Canada-based Jet Black released one of the best albums of 2018, L'Ère du Vide, so we are understandably excited to premiere their new video for “Like Gravity Wells” today. The new video features stunningly artistic animation that pairs perfectly with the mood of the song. This creative piece deserves your attention, so click play and enjoy.
21 December 2018
12 December 2018
Florida-based Cathedral Bells is the project of Matthew Messore (along with David Horne and Felix Boy, who were both brought onboard recently). Formerly of Dear Tracks and Houseplants, Cathedral Bells marks Messore’s foray into new territory. While there are some similarities between those projects and his new music, Messore carves out something altogether unique with Cathedral Bells. The songs are lo-fi yet incredibly lush, energetic in a lowkey, intimate way. The nostalgia-tinged electronic arrangements shimmer and resonate deeply with anyone who loves or remembers the 80s. Messore has released three singles under the new moniker, with each one being better than the last (the latest single, “A Passing Phase”, is truly sublime and a personal favorite). We hope you enjoy getting to know more about Cathedral Bells in the following interview. Keep an eye out for this group in the future – they are sure to make waves.
How and when was the band formed?
After releasing a couple of songs in August, I started working with live band members around Florida.
Can you tell us what the band has been working on and what you've got forthcoming in the near future (any new releases, tour, etc.)?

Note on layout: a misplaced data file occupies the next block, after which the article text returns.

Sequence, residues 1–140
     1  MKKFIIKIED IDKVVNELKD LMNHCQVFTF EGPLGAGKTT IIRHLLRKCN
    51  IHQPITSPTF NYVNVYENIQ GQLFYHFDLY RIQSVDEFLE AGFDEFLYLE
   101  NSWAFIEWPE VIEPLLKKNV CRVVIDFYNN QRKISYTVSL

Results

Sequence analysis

Almost finished writing and recording an EP of songs I’ve been working on for quite a while. I have a lot of ideas I’m excited to work on after completing the EP. Currently working with live band and backing tracks to play shows in December and booking more dates in different cities for the new year.
Do you consider your music to be part of the current shoegaze/dream pop scene, or any scene? Defining one's sound by genre can be tiresome, but do you feel that the band identifies closely with any genre? How do you feel about genres in music, in a general sense?
I would say my music lines up with shoegaze and dreampop scene. I try to keep a shimmery sound and mix 80s pop and lo-fi/DIY elements.
What do you think of modern shoegaze/dream pop/psychedelia artists, any favorites?
It’s refreshing to see bands that stand out and have unique sounds and elements and that’s why I like modern shoegaze and dreampop artists. Right now I’ve been listening to the Doorbells a lot.
What is the most important piece of gear for your sound? Any particular guitars/pedals/amps that you prefer?